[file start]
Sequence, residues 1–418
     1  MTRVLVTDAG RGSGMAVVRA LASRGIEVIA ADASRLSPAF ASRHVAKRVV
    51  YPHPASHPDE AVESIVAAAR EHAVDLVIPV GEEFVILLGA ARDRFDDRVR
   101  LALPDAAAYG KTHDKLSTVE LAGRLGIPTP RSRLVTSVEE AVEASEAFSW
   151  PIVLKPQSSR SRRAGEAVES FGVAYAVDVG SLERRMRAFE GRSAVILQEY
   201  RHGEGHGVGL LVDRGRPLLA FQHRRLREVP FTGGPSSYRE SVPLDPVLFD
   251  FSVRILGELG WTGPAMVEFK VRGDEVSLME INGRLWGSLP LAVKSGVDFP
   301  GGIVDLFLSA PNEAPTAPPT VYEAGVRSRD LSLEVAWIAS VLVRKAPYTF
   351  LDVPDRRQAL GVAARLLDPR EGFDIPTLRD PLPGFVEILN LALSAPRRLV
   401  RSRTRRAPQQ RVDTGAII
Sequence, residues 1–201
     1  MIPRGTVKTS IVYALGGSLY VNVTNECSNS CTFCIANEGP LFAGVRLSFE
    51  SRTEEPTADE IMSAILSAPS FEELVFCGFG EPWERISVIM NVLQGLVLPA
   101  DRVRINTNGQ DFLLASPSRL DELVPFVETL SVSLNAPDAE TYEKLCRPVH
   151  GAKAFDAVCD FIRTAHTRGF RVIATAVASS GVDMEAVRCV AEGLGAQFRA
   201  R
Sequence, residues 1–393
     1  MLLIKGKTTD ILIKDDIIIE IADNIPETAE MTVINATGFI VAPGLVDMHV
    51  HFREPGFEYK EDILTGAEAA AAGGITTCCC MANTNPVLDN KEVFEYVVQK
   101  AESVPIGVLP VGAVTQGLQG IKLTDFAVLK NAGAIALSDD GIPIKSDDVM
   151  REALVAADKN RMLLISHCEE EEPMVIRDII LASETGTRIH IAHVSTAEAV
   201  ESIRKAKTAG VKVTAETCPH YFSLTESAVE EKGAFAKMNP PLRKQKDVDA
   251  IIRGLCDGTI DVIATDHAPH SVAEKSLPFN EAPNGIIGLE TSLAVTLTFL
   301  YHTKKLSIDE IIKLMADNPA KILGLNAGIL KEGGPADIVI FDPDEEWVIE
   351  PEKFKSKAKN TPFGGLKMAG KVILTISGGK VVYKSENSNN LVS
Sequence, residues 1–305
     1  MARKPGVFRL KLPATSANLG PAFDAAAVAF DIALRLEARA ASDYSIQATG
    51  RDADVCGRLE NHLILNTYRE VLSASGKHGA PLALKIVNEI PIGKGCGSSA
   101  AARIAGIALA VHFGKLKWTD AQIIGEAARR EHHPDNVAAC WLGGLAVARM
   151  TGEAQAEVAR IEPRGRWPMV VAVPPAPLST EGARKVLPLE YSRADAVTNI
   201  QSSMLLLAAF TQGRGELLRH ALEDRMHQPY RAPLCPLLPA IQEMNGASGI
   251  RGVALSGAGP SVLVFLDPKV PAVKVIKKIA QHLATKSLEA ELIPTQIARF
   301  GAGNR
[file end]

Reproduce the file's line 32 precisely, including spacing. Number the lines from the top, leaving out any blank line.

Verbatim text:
   251  RGVALSGAGP SVLVFLDPKV PAVKVIKKIA QHLATKSLEA ELIPTQIARF